|Source: CSO/ Davy|
Irish Economy 2014: The CSO reported Thursday that prices on average, as measured by the CPI (consumer price index), were 0.4% higher in August compared with August 2013.
The most notable changes in the year were increases in Education (+4.5%), Alcoholic Beverages & Tobacco (+3.9%), Miscellaneous Goods & Services (+2.9%) and Restaurants & Hotels (+2.8%). There were decreases in Communications (-4.6%), Food & Non-Alcoholic Beverages (-2.6%), Clothing & Footwear (-2.0%) and Furnishings, Household Equipment & Routine Household Maintenance (-1.9%).
Consumer Prices in August, as measured by the CPI, increased by 0.2% in the month. This compares to an increase of 0.1% recorded in August of last year. The most significant monthly price changes were increases in Clothing & Footwear (+6.0%), Furnishings, Household Equipment & Routine Household Maintenance (+1.4%) and Restaurants & Hotels (+0.5). There were decreases in Transport (-0.6%), Recreation & Culture (-0.5%) and Alcoholic Beverages and Tobacco (-0.5%).
Contributions to the overall CPI – annual change:
The sectors which caused the largest upward contribution to the CPI in the year were Restaurants & Hotels (+0.43%), Miscellaneous Goods & Services (+0.34%) and Alcoholic Beverages & Tobacco (+0.23%);
The sectors which caused the largest downward contribution to the CPI in the year were Food & Non-Alcoholic Beverages (-0.29%), Communications (-0.14%) and Furnishings, Household Equipment & Routine Household Maintenance (-0.09%);
The main factors contributing to the annual change were as follows:
- Restaurants & Hotels increased mainly due to higher prices for alcoholic drinks, hotel accommodation and food consumed in licensed premises, restaurants, cafes, canteens etc;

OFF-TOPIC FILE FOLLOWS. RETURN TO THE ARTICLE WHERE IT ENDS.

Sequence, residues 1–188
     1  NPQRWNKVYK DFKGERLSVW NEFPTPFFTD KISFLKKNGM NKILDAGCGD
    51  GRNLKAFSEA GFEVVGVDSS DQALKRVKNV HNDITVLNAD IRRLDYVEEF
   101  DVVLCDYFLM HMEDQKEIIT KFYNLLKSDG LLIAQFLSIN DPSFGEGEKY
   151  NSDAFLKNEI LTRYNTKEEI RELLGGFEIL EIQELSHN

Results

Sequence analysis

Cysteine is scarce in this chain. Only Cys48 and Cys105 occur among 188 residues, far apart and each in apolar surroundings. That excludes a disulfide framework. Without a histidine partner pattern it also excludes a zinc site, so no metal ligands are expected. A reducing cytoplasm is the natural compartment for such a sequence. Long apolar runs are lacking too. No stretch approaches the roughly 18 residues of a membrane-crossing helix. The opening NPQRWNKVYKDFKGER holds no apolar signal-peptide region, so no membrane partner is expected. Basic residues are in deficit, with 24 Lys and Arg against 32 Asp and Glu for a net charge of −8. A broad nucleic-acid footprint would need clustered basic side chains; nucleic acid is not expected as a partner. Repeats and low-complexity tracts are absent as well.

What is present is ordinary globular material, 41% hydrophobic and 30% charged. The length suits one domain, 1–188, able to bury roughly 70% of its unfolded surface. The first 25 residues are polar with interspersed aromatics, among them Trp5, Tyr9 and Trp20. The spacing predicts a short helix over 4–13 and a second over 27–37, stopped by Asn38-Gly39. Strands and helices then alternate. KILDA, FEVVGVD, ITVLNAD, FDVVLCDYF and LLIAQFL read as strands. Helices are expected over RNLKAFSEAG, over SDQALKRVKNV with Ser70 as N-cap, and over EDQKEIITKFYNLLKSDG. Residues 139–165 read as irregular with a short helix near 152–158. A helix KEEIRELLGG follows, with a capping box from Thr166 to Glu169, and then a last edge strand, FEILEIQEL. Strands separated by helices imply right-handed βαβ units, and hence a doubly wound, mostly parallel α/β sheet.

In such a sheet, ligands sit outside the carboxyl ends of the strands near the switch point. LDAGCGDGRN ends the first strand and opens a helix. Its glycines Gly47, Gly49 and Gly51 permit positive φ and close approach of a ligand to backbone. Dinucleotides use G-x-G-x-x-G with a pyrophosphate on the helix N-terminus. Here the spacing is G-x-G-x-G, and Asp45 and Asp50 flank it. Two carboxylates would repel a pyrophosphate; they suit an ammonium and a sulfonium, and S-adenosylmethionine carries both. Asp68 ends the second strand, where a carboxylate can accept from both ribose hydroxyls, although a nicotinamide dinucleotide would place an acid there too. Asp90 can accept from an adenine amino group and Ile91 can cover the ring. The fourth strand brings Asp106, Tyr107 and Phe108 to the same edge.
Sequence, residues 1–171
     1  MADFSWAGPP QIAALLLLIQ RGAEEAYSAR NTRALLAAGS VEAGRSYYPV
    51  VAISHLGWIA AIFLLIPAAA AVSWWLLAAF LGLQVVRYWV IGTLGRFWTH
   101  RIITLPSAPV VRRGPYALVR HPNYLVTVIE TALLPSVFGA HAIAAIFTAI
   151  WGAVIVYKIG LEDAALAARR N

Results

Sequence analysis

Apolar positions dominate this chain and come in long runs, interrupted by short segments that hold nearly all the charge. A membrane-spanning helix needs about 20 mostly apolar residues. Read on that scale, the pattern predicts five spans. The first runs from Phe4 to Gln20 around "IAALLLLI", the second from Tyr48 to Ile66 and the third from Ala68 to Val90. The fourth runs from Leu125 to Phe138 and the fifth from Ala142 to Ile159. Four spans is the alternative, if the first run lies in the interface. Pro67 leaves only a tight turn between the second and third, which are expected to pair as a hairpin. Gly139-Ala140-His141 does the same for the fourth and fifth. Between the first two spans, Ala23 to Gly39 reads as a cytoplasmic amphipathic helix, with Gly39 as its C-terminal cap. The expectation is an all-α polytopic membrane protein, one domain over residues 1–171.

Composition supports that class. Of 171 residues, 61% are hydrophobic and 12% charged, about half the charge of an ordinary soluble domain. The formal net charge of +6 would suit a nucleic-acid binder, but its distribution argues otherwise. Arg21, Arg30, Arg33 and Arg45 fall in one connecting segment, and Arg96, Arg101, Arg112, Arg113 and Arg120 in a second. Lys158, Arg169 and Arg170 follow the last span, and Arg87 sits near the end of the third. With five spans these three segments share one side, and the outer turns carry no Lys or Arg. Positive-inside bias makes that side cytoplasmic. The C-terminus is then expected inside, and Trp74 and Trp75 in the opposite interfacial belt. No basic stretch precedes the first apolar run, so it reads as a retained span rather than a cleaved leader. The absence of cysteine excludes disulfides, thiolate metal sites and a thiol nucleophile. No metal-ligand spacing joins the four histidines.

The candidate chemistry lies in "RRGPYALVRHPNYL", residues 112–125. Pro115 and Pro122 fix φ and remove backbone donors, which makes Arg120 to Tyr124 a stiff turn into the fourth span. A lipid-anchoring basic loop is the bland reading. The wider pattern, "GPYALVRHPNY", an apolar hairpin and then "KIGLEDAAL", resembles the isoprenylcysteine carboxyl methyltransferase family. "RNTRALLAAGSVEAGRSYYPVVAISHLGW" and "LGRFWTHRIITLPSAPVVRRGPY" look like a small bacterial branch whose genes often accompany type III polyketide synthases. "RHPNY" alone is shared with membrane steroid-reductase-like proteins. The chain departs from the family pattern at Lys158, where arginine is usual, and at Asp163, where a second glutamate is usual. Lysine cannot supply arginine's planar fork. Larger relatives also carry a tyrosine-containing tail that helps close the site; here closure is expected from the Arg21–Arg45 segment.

- Miscellaneous Goods & Services rose primarily due to higher health and motor insurance premiums and the increased costs associated with the local property tax;
- Alcoholic Beverages & Tobacco increased due to higher prices for alcohol sold in off licences and supermarkets and higher tobacco prices;
- Food & Non-Alcoholic Beverages decreased due to lower prices across a range of products such as vegetables, meat, bread and cereals;
- Communications decreased mainly due to decreases in the cost of telephone and telefax equipment and telephone and telefax services;
- Furnishings, Household Equipment & Routine Household Maintenance fell mainly due to the reduced cost of furniture and furnishings, household textiles and glassware, tableware and household utensils.
David McNamara, economist at Davy, commented - - "Inflation continued to rise modestly in August, with prices up 0.4% on the year and up from an annual rate of 0.3% in July. Over the month, prices were up 0.2%. The HICP measure of inflation, which is used to compare prices across the EU, rose to an annual rate of 0.6% from 0.5% in July.
At face value, these data suggest that price pressures remain very weak in the economy. However, stripping out ECB rate cuts shows annual inflation rising to 1% over the month from 0.8% in July. In the year to August, mortgage interest costs fell 9.8%, accelerating from a 9.3% decline in July. Goods inflation decreased 1.6%, easing from a 1.9% fall in July, pushing up on overall inflation. However, energy prices declined again in August, down 0.3% year-on-year, following three consecutive months of price rises, impacted by lower oil prices.
In contrast, services prices inflation (excluding mortgage interest) was up 3.1% in August, down marginally from 3.2% in July. In particular, education costs (+4.5%), alcohol & beverages (+3.9%), restaurants and hotels (+2.8%) and insurance costs (+4.3%) all added to the increase in inflation. Offsetting these price rises were declines in clothing and footwear (-2.0%), food and non-alcoholic beverages (-2.6%) and communications (-4.6%).
With current low interest rates and energy prices, the outlook for inflation remains weak. The recovery in the economy may soon exert some modest price pressures on domestic inflation, but we expect inflation to remain well below 1% this year."